International travel has changed with Islamic terrorism

In 2014, my college-age daughter asked about going to France to study with an engineering group from Oklahoma University.

She was young but she is very self-reliant. And she was very set on making this summer internship trip which would last for several weeks.

My kids have traveled, mostly in this region and to Florida. They are mostly grown and they know how to navigate through airports. And they are very trustworthy.

I saw this trip as a chance for her to grow, to travel internationally and to learn new things.

As a father, I also had two concerns. First, I wanted to know who would be her traveling companions and where they would stay. They would stay at a university in Clermont and they would be chaperoned by OU staff and faculty.

My biggest concern was for her safety.

Have you ever seen the movie Taken? In that film, two young girls (the same age as my daughter) travel to Paris and are abducted by slave traders. One dies and the other is rescued by her father (a retired CIA agent).

We live in a dangerous world.

My daughter didn’t share my level of concern about the dangers of traveling in Europe. I didn’t think my concern was strong enough to forbid her from going but I wanted her to know that I had concerns so that would raise her awareness that there could be danger in international travel.

She went and there were no problems. (That just proves that God answers prayer).

A few years earlier, my oldest son joined the Oklahoma National Guard and was sent to Kuwait for nine months.

My concern for him was off the charts.

There were people in that region who wanted to kill American soldiers. Fortunately, he saw no combat. But I knew that he knew that we live in a very dangerous world, one in which people (mostly Islamic terrorists) would like to kidnap young men and women and then cut their heads off.

The violent Islamic attack on Paris in November is clear evidence that the suicidal mania that infects these Muslims can pop up anywhere (one beheaded a woman in Oklahoma City earlier this year).

Does this mean it’s not safe to leave your house?

No, of course not. The issue is to take proper precautions.

In January of this year, my three children (plus our daughter-in-law), my wife and I got on a cruise ship in Port Tampa in Florida and sailed to Mexico.

Security on the ship was good, but I would be a bit more nervous getting on a cruise ship these days. They would seem like a big target for terrorists.

When we docked in Cozumel, our situation seemed very safe yet I was not completely at ease. It is a tourist city and you would expect that the local economy is so dependent on cruise passengers that no one would let any harm befall them.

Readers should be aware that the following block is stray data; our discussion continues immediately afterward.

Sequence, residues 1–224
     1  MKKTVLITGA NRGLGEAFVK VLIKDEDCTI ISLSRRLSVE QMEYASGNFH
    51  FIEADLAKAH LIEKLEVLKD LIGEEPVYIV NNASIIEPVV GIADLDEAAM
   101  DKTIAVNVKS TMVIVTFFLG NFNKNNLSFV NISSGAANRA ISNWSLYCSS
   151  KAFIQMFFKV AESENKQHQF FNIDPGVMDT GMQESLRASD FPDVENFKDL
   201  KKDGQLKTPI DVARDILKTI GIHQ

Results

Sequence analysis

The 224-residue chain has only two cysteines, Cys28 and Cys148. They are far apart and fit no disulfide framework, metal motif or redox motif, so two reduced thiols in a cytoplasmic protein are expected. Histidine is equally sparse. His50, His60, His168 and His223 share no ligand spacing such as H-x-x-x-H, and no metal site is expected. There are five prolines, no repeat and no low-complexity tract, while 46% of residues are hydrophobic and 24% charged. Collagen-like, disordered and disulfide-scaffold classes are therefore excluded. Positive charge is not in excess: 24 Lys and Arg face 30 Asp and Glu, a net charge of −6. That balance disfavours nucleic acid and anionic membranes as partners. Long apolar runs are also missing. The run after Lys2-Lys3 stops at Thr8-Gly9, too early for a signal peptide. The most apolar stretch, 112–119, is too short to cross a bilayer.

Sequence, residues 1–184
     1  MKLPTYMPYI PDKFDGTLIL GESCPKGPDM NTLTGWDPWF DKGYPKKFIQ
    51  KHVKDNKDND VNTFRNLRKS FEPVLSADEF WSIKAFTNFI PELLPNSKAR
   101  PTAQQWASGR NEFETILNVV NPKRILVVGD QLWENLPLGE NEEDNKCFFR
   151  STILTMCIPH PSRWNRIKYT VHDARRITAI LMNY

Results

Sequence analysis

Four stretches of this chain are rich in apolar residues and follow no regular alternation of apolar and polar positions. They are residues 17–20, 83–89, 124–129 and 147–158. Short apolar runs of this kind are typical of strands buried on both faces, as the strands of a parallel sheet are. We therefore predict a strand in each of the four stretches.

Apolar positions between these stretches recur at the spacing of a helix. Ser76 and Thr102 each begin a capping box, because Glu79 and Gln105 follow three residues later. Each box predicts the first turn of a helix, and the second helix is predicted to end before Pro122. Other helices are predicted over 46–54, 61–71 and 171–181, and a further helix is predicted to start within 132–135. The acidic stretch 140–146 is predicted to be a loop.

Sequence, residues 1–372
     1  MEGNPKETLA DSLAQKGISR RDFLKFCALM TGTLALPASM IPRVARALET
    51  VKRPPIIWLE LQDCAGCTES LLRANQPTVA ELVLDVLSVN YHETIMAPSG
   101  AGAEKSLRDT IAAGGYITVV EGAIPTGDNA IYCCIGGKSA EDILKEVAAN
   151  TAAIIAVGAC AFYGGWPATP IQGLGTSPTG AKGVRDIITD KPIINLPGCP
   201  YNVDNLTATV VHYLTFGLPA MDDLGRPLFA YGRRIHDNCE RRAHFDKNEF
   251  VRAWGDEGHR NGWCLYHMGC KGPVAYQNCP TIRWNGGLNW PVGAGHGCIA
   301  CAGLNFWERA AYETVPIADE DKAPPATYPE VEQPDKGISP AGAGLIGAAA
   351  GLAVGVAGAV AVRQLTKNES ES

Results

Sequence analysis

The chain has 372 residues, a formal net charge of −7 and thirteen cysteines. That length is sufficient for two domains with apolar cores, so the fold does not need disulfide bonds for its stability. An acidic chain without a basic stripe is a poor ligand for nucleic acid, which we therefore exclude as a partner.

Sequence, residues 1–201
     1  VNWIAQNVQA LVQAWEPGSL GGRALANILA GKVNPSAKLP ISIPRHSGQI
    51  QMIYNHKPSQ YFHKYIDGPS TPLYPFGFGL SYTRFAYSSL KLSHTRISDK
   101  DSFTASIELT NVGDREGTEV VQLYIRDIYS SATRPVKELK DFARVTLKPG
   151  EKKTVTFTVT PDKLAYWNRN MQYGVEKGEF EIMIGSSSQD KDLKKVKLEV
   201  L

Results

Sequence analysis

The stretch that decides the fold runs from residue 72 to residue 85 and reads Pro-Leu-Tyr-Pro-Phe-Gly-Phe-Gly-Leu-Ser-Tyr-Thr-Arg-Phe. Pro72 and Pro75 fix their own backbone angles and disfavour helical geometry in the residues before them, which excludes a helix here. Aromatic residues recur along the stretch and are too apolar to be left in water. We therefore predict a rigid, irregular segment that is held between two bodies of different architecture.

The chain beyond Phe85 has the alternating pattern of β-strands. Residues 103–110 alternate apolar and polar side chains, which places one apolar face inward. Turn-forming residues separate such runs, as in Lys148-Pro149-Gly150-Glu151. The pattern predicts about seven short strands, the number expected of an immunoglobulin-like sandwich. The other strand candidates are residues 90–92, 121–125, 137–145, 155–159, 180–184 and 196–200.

But we still live in a dangerous world.

Every time you board an airplane, there is a bit of doubt about the safety. The passengers are screened pretty thoroughly but what about the minimum wage workers that work in the airports? I am certain they go through background checks but no system designed by man is foolproof.

I would be willing to travel internationally, but Paris and Mali (and anywhere in the Middle East) would not be my destination of choice. Why court danger?

I have wanted to travel to Israel, which has perhaps the best security in the world, but a trip there right now just does not seem prudent.

I went to the Russian Far East in 1997. Three couples who were adopting Russian babies and I spent a week in Blagoveshchensk, Russia, and then a second week in Moscow.

I never felt completely safe in Blago or Moscow. My fears might have been unwarranted but they were there nonetheless.

In America, you can travel to any state and have a relatively safe feeling. That may not be true in places like Chicago, Detroit or some other big cities.

I was walking down the street in Blago when a drunken Russia walked up and started yelling at me in Russia, which I don’t speak. I asked our interpreter what he was shouting and she answered, “You don’t want to know.”

I could tell by the tone that it wasn’t pleasant.

In Moscow, the wonderful subway system is populated with Gypsies who prey on foreigners. We were told to keep together as a group because the Gypsies like to surround Americans and lift their wallets. (I didn’t have a wallet with me – I carried a money belt inside my pants for safety).

I am sure there are plenty of safe places to visit but I suspect that the recent rash of Islamic terror attacks will affect American travel abroad this summer. Schools may postpone trips and churches might delay summer mission trips (especially for youth groups) because of the terror threat.

It’s a dangerous world we live in.